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Qatar emir condemns ‘genocide’ in Gaza, urges ceasefire at GCC summit

Leaders of six Gulf countries and Turkey meet in Qatar, with Israel’s war on Gaza at the top of the agenda.


Emir of Qatar Sheikh Tamim bin Hamad Al Thani [Mohamed Al Hammadi/UAE Presidential Court/Handout via reuters]

Qatar’s Emir Sheikh Tamim bin Hamad Al Thani has accused the international community of “turning their back” on the Palestinian people amid Israel’s bombardment of Gaza while calling for a permanent ceasefire in the besieged enclave.


In his opening remarks at the Gulf Cooperation Council (GCC) summit in Doha on Tuesday, the emir accused Israel of committing a “genocide” in Gaza, noting that the “crimes” of Israeli forces help “deepen the sentiment of injustice and an absence of international legitimacy”.


“It is a disgrace on the international community to allow this heinous crime to continue for more than two months – where the systematic and purposeful killing of innocent civilians continue, including women and children,” he said.


“Why is the international community turning their back on Palestinian children and adopting dual standards?”


Truce

A weeklong truce between Israel and Hamas, which collapsed on Friday, had been brokered by Qatar and other mediators to allow the release of captives taken by Hamas in October, in exchange for Palestinian prisoners held by Israel, often without charge.


Sheikh Tamim said that while his country was still working to renew a truce, it was not an “alternative to a permanent ceasefire”.


“We will continue to make effort with other regional and global players to have a permanent ceasefire established and all the aggression against the Palestinian people come to a halt,” he said.


Leaders of six Gulf countries – including Bahrain, the United Arab Emirates (UAE), Saudi Arabia, Oman and Kuwait – and Turkey are attending the summit in Doha.


The war on Gaza is expected to take centre stage at the talks.


Al Jazeera’s diplomatic editor James Bays, reporting from Doha, said discussions will likely feature the prospect of Qatar-brokered negotiations leading to a potential resumption of a truce in Gaza.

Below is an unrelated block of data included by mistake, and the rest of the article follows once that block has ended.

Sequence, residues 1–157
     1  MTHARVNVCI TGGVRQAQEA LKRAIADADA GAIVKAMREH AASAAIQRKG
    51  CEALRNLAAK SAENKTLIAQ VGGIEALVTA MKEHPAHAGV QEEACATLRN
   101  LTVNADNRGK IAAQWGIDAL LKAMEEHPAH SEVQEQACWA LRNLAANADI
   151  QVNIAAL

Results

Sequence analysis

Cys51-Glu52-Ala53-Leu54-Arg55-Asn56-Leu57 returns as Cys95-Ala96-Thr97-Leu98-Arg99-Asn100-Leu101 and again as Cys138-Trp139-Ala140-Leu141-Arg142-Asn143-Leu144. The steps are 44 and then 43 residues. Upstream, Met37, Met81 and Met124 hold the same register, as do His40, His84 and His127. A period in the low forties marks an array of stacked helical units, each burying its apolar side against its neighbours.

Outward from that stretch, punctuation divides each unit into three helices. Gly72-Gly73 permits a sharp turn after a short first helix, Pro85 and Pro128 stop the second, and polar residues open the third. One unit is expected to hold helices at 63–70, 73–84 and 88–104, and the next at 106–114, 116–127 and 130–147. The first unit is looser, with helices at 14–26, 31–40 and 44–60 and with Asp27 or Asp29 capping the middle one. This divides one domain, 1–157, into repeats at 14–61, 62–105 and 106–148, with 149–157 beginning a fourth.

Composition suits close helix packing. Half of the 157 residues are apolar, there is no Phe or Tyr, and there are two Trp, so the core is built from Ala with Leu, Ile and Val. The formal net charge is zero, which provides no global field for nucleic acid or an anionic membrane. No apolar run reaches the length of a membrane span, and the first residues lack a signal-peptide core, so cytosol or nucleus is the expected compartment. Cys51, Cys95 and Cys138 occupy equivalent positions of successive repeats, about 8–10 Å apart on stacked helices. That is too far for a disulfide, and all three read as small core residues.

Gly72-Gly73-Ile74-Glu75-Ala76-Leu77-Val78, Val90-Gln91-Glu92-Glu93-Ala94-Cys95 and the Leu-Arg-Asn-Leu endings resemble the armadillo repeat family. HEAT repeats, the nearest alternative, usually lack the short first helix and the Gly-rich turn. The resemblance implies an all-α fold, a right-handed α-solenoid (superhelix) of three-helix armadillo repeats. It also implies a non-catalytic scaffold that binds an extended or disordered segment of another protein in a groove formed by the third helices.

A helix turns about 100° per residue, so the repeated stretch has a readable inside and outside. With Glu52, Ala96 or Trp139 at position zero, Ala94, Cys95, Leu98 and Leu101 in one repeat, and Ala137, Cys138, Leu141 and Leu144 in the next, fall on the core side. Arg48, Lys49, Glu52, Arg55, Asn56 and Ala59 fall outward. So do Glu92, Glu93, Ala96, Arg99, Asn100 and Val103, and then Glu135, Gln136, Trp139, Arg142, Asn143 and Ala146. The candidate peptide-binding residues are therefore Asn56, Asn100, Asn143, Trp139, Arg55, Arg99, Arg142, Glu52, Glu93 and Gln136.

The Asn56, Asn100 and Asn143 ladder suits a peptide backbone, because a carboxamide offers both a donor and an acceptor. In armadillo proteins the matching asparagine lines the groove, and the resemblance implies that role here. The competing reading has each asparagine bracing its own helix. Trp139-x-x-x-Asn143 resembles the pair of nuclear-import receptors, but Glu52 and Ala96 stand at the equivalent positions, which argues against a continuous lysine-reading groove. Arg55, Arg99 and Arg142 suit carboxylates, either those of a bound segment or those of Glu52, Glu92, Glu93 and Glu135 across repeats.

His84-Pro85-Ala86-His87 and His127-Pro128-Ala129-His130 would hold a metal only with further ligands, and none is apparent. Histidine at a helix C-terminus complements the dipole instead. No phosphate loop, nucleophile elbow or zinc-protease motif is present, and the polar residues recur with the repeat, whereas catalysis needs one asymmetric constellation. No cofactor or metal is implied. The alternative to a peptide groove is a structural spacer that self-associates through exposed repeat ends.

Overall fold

The prospect of reconstruction and the future governance of post-war Gaza will also be another topic of discussion, Bays added.


‘National struggle’

Speaking at the summit, Turkish President Recep Tayyip Erdogan said “Israel’s war crimes and its crimes against humanity in Gaza should not be left unanswered”.


He added that Turkey’s priority is to “ensure that a permanent ceasefire is implemented in Gaza and humanitarian aid is delivered without any interruption”.


Qatar’s emir added that the struggle in Palestine was not a religious one, nor was it a war on terror.

“It is a national struggle between the Israeli occupation and the Palestinian people reeling under this occupation,” he said.


“The solution lies in ending the occupation, and resolving the cause of the Palestinian people,” he added, urging the United Nations Security Council, especially the permanent members, to stand up to their “legal responsibilities” to help and end the war and force Israel to come back to the negotiation table to reach a “just solution”.


To date, at least 15,899 Palestinians have been killed in Gaza since October 7. In Israel, the official death toll stands at about 1,100.

 

2023, Al Jazeera

SOURCE: AL JAZEERA

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